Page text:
20 -6 2
PhCF, PhPh PhN(CH,),
c~s-NH, fr~ns-NH3 other 3.51 4.80 3.47 4.75 2.22 (s) 3.62 4.80 2.39 (s) 3.70 4.88 5.38 (b) 6.27 (b) 2.32 (s, 6 H) 3.58 4.75 20 6.5 (vb) 2.32 ( s ) 3.45 4.75 6.5, 6.2, 6.1 (b) 2.35 (s, 3 H) 3.43 4.70 1.21 ( s , 6 H), 2.90 (m, 1 H) 3.43 4.70 5.42 (t) 6.3, 6.8 (b) 4.70 1.25 ( s , 9 H) 3.45 5.21 (t) 6.3, 7.0 (b) 2.36 (s, 6 H), 2.12 (s, 6 H) 3.55 4.75 5.42 ( s ) 7.75 (d, 2 H), 7.60 (t, 2 H), 7.52 (t, 1 H) 5.00 3.83 as above 3.75 4.87 5.75 (d) 7.75 (m) 7.15 (d) 5.50 (m) 6.62 (t) 3.7 1 4.87 1.29 ( s , 9 H) 6.90 (b, 1 H) 3.71 4.97 5.46 (d) 7.59 (m) 7.65 (d) 1.24 ( s , 9 H) 5.33 (m) 6.56 (t) 4.80 1.35 (s, 9 H) 3.61 5.40 (t) 8.42 (d) 6.91 (d) 5.33 (m) 7.33 (m) 7.2, 6.4 (b) 3.63 4.90 5.74 (b, 2 H) 7.77 (d) 6.57 (d) 4.86 5.33 (t) 3.58 5.22 (m) 7.49 (m) 7.1 (b, 1 H) 3.55 7.28 (t, 1 H), 7.40 (t, 2 H), 7.60 (d, 2 H) 4.73 7.61 (b) 6.96 (b) 3.61 4.91 as above 5.39 (b) 5.35 (b) 7.47 (b) 2.88 (6 H) 3.57 4.70 5.38 (b) 6.62 (b) 5.60 (b) 6.50 (b) 5.35 (b) 6.49 (m) 5.40 (d) 2.92 ( s , 3 H) 5.17 (d) 3.61 4.8 1 2.55 ( s , 3 H) 6.33 (t) 5.20 (m) 4.98 (b, 2 H) 4.75 3.58 6.4 (m) 5.58 (d) 5.10 (d) 6.4 (m) 5.32 (t) 4.72 3.48 3.70 ( s , 3 H ) 6.72 (m) 6.48 (t) 5.06 (d) 5.72 (d) 5.35 (t) 5.22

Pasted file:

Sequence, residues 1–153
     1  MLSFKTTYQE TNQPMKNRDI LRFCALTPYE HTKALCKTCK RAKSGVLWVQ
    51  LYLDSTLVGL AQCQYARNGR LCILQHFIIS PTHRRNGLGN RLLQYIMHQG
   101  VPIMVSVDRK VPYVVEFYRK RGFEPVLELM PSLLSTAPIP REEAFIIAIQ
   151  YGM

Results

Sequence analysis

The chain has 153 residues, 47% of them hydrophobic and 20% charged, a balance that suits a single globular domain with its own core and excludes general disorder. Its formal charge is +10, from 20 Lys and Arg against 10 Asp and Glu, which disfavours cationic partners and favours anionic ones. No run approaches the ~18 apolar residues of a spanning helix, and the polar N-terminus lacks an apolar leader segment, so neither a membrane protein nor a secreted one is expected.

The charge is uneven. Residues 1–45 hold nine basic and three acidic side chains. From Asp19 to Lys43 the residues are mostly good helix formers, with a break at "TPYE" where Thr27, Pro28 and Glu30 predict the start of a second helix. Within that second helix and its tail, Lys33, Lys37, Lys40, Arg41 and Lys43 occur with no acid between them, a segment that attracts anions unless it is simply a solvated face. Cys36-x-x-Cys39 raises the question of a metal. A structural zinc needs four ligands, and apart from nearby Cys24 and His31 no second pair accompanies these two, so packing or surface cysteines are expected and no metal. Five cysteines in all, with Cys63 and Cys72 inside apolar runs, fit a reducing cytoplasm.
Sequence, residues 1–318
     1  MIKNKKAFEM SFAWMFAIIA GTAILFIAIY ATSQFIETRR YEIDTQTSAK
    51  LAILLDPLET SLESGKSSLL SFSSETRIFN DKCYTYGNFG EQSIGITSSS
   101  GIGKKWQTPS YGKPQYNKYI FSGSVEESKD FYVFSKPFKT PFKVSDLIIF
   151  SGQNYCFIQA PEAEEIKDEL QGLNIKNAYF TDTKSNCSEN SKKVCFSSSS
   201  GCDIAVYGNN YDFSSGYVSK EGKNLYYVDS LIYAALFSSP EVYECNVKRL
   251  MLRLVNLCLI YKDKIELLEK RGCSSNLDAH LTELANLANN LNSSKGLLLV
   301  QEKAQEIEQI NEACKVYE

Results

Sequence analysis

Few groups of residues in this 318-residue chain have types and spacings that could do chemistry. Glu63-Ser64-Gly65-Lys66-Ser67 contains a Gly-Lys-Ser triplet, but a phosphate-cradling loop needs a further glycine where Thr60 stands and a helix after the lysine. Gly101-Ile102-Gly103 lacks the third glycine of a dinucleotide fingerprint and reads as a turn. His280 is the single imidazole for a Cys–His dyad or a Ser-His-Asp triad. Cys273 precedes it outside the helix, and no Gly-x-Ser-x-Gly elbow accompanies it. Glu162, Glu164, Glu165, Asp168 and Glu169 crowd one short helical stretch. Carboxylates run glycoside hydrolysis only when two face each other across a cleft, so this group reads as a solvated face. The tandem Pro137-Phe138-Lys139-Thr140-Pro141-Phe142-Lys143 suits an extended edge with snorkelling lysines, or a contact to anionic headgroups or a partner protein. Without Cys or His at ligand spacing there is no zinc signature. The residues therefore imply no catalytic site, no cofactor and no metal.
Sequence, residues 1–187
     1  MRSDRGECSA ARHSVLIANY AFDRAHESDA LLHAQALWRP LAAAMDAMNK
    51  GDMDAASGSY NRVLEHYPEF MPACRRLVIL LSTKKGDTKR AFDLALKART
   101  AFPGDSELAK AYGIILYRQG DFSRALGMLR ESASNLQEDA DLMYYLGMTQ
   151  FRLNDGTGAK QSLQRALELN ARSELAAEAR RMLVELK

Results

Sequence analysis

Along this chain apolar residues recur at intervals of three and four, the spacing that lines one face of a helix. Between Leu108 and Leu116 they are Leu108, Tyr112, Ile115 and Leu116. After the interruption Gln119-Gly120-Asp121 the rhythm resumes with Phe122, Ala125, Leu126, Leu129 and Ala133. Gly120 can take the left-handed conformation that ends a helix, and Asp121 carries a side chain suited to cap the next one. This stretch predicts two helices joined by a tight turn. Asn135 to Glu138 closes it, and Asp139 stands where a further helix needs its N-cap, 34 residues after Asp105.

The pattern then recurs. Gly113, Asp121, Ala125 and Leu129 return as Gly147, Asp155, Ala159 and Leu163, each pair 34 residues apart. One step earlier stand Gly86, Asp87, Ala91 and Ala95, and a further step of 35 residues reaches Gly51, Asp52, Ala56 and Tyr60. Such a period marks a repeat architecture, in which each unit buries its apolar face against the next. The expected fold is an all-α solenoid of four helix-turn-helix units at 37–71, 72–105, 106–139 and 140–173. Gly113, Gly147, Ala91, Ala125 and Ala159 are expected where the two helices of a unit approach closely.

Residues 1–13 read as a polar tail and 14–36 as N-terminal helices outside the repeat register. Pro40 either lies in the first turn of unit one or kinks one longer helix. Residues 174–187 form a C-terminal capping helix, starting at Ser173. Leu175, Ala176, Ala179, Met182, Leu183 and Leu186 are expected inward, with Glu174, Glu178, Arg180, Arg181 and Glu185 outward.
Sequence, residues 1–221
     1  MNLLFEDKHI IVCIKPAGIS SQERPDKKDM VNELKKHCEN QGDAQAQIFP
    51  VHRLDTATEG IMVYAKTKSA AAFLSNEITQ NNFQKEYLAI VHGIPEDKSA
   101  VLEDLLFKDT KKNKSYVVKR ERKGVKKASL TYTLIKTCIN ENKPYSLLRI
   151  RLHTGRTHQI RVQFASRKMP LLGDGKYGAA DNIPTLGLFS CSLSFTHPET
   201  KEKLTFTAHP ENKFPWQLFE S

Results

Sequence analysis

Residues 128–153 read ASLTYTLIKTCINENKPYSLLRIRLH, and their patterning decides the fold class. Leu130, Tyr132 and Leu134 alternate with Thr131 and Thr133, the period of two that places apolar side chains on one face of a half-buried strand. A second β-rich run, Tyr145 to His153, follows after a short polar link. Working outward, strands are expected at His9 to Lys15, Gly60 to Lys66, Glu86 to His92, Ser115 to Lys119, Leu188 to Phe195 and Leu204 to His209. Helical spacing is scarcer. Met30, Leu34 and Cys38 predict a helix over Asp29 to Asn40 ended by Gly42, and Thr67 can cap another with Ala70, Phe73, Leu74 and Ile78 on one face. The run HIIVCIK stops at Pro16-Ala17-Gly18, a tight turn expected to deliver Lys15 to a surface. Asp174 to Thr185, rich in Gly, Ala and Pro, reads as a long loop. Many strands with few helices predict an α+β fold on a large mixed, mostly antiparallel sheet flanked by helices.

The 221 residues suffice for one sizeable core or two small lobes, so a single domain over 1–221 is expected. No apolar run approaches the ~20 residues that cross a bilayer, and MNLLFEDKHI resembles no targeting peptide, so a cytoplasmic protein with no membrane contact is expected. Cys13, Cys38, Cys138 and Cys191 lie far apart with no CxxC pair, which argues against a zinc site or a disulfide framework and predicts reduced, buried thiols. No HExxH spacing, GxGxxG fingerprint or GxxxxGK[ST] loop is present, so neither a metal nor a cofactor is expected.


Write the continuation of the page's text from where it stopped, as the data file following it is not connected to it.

HE 7.25 6.45 (b) unassigned